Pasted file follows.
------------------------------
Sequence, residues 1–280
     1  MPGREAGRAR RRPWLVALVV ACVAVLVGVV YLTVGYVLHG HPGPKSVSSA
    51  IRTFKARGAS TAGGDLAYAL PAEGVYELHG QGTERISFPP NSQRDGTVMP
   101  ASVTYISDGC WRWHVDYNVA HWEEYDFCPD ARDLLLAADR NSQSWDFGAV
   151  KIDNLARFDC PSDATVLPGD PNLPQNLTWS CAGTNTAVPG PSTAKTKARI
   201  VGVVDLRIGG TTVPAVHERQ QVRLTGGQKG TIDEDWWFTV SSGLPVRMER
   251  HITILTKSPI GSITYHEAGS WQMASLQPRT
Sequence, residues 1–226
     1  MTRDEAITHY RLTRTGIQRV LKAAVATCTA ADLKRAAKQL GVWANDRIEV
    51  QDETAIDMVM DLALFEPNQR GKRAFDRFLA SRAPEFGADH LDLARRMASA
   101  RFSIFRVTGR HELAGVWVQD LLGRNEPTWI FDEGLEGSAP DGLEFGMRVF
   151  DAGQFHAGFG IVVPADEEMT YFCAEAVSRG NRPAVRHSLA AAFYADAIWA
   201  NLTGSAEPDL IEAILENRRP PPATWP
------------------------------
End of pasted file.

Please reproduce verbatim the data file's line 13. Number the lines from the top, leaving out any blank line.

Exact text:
   201  NLTGSAEPDL IEAILENRRP PPATWP